Review: For the latest exotic outing on their Tak:til offshoot, Germany's World Music inspired Glitterbeat crew has turned to South Korean fusionist Park Jiha, an artist whose occasional releases combine traditional instruments with contemporary electronics and production techniques. There's plenty to enjoy from start to finish, from the exotic, mind-altering string motifs and intoxicating aural textures of opener "Arrival", to the fuzzy sunset bliss of "Thunder Shower", delicate piano motifs and reverb-heavy plucked strings of "Philos" and the slow melodic bob and swirling field recordings of "Walker: In Seoul". Best of all, though, is the childlike wonder of bittersweet standout cut "When I Think Of Her", in which Jiha's improvised vocals play a starring role.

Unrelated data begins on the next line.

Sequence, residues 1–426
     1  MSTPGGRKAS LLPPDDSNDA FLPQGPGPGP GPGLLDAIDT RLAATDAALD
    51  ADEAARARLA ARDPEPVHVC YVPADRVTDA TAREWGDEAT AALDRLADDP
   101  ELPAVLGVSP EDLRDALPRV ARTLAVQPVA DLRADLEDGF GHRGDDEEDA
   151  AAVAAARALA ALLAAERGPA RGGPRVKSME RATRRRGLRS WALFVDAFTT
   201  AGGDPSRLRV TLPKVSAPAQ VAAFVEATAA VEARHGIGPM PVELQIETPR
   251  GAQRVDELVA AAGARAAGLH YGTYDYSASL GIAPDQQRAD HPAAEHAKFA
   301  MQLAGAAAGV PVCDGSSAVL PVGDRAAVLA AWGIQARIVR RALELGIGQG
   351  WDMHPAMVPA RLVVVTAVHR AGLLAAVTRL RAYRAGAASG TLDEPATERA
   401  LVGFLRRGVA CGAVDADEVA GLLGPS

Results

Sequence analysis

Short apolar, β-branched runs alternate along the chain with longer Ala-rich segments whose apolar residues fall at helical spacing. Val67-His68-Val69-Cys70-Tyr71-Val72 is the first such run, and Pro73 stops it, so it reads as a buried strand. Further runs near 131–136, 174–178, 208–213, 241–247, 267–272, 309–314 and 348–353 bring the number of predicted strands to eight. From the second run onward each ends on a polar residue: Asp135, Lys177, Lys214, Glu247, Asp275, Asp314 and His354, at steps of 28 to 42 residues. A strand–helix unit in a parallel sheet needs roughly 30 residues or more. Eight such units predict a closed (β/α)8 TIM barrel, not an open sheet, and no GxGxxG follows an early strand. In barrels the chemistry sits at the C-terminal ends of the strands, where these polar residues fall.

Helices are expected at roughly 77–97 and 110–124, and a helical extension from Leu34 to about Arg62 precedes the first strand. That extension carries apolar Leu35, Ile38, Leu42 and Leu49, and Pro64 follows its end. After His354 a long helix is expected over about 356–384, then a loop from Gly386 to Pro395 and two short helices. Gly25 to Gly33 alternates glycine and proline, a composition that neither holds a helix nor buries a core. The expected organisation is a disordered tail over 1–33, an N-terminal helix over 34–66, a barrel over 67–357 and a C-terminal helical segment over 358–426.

Review: As a member of several chart-topping groups and an in-demand producer in his own right, Thami Mdluli was something of a superstar on South Africa's "bubblegum" scene during the 1980s. Yet as the decade progressed, it was for his club-focused instrumentals - released under the Professor Rhythm alias - that he became most celebrated. By the time this album was first released in 1995, he'd helped to develop the now celebrated "Kwaito" style of house-influenced South African dancefloor fusion. Bafana Bafana does contain some distinctive kwaito moments, but for the most part it just sounds like a gloriously South African take on mid 1990s U.S, Italian and British house music. Crucially, it's also superb, like some long lost '90s house album made in Jo'burg, rather than New Jersey.